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I'm porting a C++ xmodem protocol to C# and I'm having an issue with the CRC check. The application uploads files through a modem using the xmodem 128 byte protocol with CRC. I test it using Hyperterminal. I can upload small files fine, but when I try larger files (50K +) the CRC always breaks when the low and high bytes are 255. Can someone help me with this? Thanks!

Here's the CRC code...

..
    if (check(true, _data, 3, 133))
                                {
                                    _currentState = State.Good;
                                }
                                else
                                {
                                    _currentState = State.Bad;


}
...
private bool check(bool isCRC, byte[] buf, int index, int sz)
        {
            if (isCRC) // use CRC checking
            {
                ushort crc = CRC16.CRC16_ccitt(buf, index, sz);
                ushort tcrc = (ushort)((buf[sz + index] << 8) + buf[sz + index + 1]);
                if (crc == tcrc)
                {

                    return true;
                }
            }
            else
            { // use Checksum checking
                int i;
                byte cks = 0;
                for (i = 0; i < sz; ++i)
                {
                    cks += buf[i + index];
                }
                if (cks == buf[sz + index])
                    return true;
            }
            return false;
        }

internal static class CRC16
{
    #region Members

    //size = 256
    private static ushort[] crc16tab = {
      0x0000,0x1021,0x2042,0x3063,0x4084,0x50a5,0x60c6,0x70e7,
      0x8108,0x9129,0xa14a,0xb16b,0xc18c,0xd1ad,0xe1ce,0xf1ef,
      0x1231,0x0210,0x3273,0x2252,0x52b5,0x4294,0x72f7,0x62d6,
      0x9339,0x8318,0xb37b,0xa35a,0xd3bd,0xc39c,0xf3ff,0xe3de,
      0x2462,0x3443,0x0420,0x1401,0x64e6,0x74c7,0x44a4,0x5485,
      0xa56a,0xb54b,0x8528,0x9509,0xe5ee,0xf5cf,0xc5ac,0xd58d,
      0x3653,0x2672,0x1611,0x0630,0x76d7,0x66f6,0x5695,0x46b4,
      0xb75b,0xa77a,0x9719,0x8738,0xf7df,0xe7fe,0xd79d,0xc7bc,
      0x48c4,0x58e5,0x6886,0x78a7,0x0840,0x1861,0x2802,0x3823,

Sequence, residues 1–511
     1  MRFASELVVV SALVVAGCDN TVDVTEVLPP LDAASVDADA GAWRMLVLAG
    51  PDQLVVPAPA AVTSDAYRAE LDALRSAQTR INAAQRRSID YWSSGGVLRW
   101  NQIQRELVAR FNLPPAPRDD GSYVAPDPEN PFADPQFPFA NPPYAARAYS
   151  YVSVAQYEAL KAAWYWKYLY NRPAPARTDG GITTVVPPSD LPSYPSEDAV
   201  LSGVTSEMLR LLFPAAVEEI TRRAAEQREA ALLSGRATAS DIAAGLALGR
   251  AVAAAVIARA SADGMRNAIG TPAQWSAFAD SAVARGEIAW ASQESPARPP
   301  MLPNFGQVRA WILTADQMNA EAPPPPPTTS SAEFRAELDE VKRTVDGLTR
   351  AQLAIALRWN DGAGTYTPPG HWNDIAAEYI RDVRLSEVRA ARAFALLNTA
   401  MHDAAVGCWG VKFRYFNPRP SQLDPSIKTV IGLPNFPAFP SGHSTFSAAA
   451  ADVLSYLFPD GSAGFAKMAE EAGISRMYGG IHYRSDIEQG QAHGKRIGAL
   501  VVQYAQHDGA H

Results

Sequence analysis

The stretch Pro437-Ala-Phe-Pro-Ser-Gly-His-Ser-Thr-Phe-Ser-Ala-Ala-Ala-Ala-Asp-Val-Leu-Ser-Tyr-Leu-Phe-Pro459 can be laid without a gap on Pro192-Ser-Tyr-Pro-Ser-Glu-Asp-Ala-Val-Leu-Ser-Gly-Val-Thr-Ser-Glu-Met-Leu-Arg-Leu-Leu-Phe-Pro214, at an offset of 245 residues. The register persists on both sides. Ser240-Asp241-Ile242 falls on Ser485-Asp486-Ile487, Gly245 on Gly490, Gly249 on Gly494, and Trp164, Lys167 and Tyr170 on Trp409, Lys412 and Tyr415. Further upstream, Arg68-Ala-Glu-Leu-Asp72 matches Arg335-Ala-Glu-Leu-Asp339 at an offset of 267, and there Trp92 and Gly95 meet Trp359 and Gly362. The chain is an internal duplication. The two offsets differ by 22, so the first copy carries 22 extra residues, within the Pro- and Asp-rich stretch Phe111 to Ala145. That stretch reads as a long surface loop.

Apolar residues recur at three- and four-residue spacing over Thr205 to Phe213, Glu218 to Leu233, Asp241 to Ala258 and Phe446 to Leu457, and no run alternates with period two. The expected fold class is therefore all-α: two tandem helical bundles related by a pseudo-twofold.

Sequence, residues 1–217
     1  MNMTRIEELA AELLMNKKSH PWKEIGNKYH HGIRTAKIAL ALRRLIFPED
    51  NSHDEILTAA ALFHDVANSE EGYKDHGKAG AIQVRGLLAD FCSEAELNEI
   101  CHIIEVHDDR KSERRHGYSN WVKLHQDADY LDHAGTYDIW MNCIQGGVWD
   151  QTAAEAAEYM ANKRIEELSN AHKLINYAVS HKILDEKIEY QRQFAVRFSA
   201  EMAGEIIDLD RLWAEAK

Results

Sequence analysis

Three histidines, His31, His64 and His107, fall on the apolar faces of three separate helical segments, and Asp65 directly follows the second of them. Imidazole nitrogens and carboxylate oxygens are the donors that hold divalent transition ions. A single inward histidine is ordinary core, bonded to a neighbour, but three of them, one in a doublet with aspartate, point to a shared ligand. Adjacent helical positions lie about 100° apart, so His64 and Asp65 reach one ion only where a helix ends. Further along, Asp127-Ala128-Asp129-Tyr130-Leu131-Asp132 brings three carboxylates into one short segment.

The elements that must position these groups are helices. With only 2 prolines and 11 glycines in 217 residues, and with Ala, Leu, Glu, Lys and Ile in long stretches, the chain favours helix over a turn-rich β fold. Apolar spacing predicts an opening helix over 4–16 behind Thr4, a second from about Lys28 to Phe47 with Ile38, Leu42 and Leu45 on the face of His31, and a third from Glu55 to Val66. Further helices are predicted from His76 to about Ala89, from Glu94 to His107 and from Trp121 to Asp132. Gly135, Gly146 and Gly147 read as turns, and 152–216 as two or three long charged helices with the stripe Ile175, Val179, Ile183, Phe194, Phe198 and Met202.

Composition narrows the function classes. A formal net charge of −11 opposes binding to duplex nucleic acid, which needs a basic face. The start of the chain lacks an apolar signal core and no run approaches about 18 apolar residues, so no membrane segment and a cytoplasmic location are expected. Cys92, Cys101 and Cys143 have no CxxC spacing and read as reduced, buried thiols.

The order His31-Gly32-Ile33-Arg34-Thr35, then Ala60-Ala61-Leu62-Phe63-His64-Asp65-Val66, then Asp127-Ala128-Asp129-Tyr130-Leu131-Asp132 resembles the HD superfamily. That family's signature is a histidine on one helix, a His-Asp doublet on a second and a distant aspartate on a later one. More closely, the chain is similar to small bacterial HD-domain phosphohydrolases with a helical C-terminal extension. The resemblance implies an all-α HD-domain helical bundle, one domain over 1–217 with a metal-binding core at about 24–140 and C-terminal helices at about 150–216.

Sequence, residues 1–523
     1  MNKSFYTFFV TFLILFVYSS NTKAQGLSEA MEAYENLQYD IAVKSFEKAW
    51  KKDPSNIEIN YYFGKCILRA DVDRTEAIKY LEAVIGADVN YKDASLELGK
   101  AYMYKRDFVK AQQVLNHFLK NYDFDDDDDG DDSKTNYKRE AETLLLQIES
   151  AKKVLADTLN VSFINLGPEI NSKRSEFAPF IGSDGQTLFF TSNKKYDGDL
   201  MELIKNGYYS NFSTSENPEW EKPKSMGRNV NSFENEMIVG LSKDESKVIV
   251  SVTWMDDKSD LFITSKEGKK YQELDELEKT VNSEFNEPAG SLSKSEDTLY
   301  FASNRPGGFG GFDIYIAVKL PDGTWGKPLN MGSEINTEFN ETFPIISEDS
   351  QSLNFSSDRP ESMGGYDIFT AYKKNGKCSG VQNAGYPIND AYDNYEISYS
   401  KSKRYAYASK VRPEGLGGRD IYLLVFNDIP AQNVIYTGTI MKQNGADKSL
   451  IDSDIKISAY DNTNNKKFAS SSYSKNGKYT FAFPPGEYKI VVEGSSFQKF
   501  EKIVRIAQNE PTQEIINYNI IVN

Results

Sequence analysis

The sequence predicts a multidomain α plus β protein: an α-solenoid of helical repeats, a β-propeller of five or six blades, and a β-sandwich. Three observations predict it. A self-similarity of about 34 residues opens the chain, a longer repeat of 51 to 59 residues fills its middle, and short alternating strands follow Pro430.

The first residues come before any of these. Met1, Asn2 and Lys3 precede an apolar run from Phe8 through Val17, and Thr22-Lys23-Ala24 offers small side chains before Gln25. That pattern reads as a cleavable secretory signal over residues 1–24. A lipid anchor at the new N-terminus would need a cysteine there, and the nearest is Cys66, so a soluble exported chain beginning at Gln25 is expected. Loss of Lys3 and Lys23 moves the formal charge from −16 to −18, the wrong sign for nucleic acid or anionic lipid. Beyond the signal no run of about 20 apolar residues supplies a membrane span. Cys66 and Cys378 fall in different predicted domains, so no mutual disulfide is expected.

0xc9cc,0xd9ed,0xe98e,0xf9af,0x8948,0x9969,0xa90a,0xb92b,
      0x5af5,0x4ad4,0x7ab7,0x6a96,0x1a71,0x0a50,0x3a33,0x2a12,
      0xdbfd,0xcbdc,0xfbbf,0xeb9e,0x9b79,0x8b58,0xbb3b,0xab1a,
      0x6ca6,0x7c87,0x4ce4,0x5cc5,0x2c22,0x3c03,0x0c60,0x1c41,
      0xedae,0xfd8f,0xcdec,0xddcd,0xad2a,0xbd0b,0x8d68,0x9d49,
      0x7e97,0x6eb6,0x5ed5,0x4ef4,0x3e13,0x2e32,0x1e51,0x0e70,
      0xff9f,0xefbe,0xdfdd,0xcffc,0xbf1b,0xaf3a,0x9f59,0x8f78,
      0x9188,0x81a9,0xb1ca,0xa1eb,0xd10c,0xc12d,0xf14e,0xe16f,
      0x1080,0x00a1,0x30c2,0x20e3,0x5004,0x4025,0x7046,0x6067,
      0x83b9,0x9398,0xa3fb,0xb3da,0xc33d,0xd31c,0xe37f,0xf35e,
      0x02b1,0x1290,0x22f3,0x32d2,0x4235,0x5214,0x6277,0x7256,
      0xb5ea,0xa5cb,0x95a8,0x8589,0xf56e,0xe54f,0xd52c,0xc50d,
      0x34e2,0x24c3,0x14a0,0x0481,0x7466,0x6447,0x5424,0x4405,
      0xa7db,0xb7fa,0x8799,0x97b8,0xe75f,0xf77e,0xc71d,0xd73c,
      0x26d3,0x36f2,0x0691,0x16b0,0x6657,0x7676,0x4615,0x5634,
      0xd94c,0xc96d,0xf90e,0xe92f,0x99c8,0x89e9,0xb98a,0xa9ab,
      0x5844,0x4865,0x7806,0x6827,0x18c0,0x08e1,0x3882,0x28a3,
      0xcb7d,0xdb5c,0xeb3f,0xfb1e,0x8bf9,0x9bd8,0xabbb,0xbb9a,
      0x4a75,0x5a54,0x6a37,0x7a16,0x0af1,0x1ad0,0x2ab3,0x3a92,
      0xfd2e,0xed0f,0xdd6c,0xcd4d,0xbdaa,0xad8b,0x9de8,0x8dc9,
      0x7c26,0x6c07,0x5c64,0x4c45,0x3ca2,0x2c83,0x1ce0,0x0cc1,
      0xef1f,0xff3e,0xcf5d,0xdf7c,0xaf9b,0xbfba,0x8fd9,0x9ff8,
      0x6e17,0x7e36,0x4e55,0x5e74,0x2e93,0x3eb2,0x0ed1,0x1ef0
  };

    #endregion Members

    #region Implementation

    static public ushort CRC16_ccitt(byte[] buf, int index, int len)
    {